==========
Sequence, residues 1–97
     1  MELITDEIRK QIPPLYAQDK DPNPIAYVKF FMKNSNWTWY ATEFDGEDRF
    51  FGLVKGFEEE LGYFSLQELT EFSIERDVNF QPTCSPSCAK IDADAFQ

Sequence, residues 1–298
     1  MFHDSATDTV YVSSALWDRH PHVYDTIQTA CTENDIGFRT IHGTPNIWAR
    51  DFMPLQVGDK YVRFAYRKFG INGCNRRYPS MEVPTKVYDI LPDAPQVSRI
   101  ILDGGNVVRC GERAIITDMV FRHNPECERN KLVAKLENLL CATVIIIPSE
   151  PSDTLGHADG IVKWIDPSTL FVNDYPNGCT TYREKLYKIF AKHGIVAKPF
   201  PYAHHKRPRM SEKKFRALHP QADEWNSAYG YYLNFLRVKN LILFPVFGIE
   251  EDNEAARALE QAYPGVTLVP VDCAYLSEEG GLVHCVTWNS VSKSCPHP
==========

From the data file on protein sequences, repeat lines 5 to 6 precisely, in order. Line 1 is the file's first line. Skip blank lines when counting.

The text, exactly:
     1  MFHDSATDTV YVSSALWDRH PHVYDTIQTA CTENDIGFRT IHGTPNIWAR
    51  DFMPLQVGDK YVRFAYRKFG INGCNRRYPS MEVPTKVYDI LPDAPQVSRI